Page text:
Montana Fly Fishing
Fly Fishing the Gallatin River

Bitterroot River

Fly Fishing the Gallatin River

Gallatin River in Yellowstone National Park
Photo Use Guidelines

The Gallatin River is not home to many monster trout. For anglers in search of consistently large rainbow or brown trout, go to another nearby river, such as the Yellowstone or Madison. Instead, what the Gallatin River offers is excellent dry fly fishing on a river that receives relatively low fishing pressure in beautiful surroundings. The fish are not finicky eaters, either, which makes the Gallatin River an excellent place for learning how to fly fish. Along its upper stretches, the river is not very deep, allowing it to be fully waded from shore to shore. The trout on the river, consisting of both brown and rainbow trout, average around 12 inches, with 16 inches considered a large trout - although some lunkers exceeding 20 inches are found. Grayling and cutthroat trout are also found in the Gallatin River.

Gallatin River : Gallatin Lake to Yellowstone Park

This stretch of the Gallatin runs exclusively in Yellowstone National Park. Rainbow trout, cutthroat trout and brown trout can all be found in this stretch of the Gallatin River. While the fish are generally small and average less than twelve inches, fish up to sixteen inches are not uncommon. Additional information about this section of the Gallatin River in covered in the Gallatin River in Yellowstone National Park section.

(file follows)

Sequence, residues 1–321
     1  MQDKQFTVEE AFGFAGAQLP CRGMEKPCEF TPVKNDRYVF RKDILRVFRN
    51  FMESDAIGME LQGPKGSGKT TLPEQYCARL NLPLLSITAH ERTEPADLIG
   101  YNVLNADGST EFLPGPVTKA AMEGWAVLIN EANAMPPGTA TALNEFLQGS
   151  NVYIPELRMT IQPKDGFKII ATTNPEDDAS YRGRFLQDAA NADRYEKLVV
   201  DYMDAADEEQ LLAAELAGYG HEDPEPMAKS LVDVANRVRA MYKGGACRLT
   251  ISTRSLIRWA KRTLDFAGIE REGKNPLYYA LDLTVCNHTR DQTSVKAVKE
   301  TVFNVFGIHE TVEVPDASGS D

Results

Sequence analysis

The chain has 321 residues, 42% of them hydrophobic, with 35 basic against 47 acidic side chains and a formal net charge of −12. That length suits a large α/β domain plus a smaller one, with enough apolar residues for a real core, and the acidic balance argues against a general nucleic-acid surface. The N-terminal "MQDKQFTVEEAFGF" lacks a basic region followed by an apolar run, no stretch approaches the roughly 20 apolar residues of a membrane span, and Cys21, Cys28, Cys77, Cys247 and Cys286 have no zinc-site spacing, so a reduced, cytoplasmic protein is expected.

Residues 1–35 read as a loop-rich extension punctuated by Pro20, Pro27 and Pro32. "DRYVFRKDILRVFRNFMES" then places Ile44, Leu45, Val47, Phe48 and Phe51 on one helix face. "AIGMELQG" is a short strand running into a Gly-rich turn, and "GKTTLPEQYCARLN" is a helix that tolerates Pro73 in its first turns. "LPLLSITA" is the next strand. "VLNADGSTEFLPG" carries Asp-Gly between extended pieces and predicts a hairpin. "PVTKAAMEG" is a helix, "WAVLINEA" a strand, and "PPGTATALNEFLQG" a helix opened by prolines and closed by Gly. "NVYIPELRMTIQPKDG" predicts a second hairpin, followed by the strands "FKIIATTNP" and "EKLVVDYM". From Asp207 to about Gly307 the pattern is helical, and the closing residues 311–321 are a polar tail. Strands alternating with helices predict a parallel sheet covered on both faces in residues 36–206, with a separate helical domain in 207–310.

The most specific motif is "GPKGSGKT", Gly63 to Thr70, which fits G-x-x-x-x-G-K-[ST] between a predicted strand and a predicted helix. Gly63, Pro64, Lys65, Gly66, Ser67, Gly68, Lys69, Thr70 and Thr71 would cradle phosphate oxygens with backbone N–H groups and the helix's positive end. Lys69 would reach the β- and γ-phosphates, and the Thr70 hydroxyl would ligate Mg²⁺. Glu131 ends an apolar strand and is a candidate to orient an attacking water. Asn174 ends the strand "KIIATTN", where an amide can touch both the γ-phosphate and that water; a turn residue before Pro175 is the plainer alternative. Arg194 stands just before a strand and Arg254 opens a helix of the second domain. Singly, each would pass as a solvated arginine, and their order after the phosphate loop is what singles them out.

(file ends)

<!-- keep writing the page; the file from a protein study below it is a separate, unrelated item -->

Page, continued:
Gallatin River : Yellowstone Park Boundary to Big Sky

Gallatin River above Big Sky
Photo Use Guidelines

This section of the Gallatin River runs extensively through public lands and is closely followed by Highway 191, allowing for excellent access. During most of May and frequently lasting up until early July, the Gallatin River on this stretch runs muddy and murky due to inflows from Taylors Fork, severely limiting fishing. An angler arriving during this time who finds the river in this condition should venture further upstream and fish in Yellowstone National Park. Just don't forget to get your park fishing permit.

Due to the murky water of spring run off, the best fishing on this section is before May and after high water ends, usually by late June or early July.

The banks of the river are heavily forested. Tall, forested mountains loom in the distance, providing for beautiful scenery.

The fishing on this section of the river is similar to that found further upstream. Standard dry fly patterns work very well. Other fly patterns for this stretch of the Gallatin River include the Spruce Moth. These moths make their appearance in July and last through the summer.

Next Page : Fishing the Gallatin River, Page 2

Copyright 2002-2018
Big Sky Fishing.Com

Top of Page

Montana Web Cams | Montana Information | Fly Fishing Gear | Fishing Boats | About | Contact Us | Advertising Information | Privacy Policy
Explore the Rivers in Montana Explore the Lakes in Montana Mountain Fishing in Montana Explore Montana National Parks Books about Montana Fly Fishing and Other Outdoor Gear Photographs of Montana Explore Montana Cities and Towns Talk about Fishing and Montana in our Forum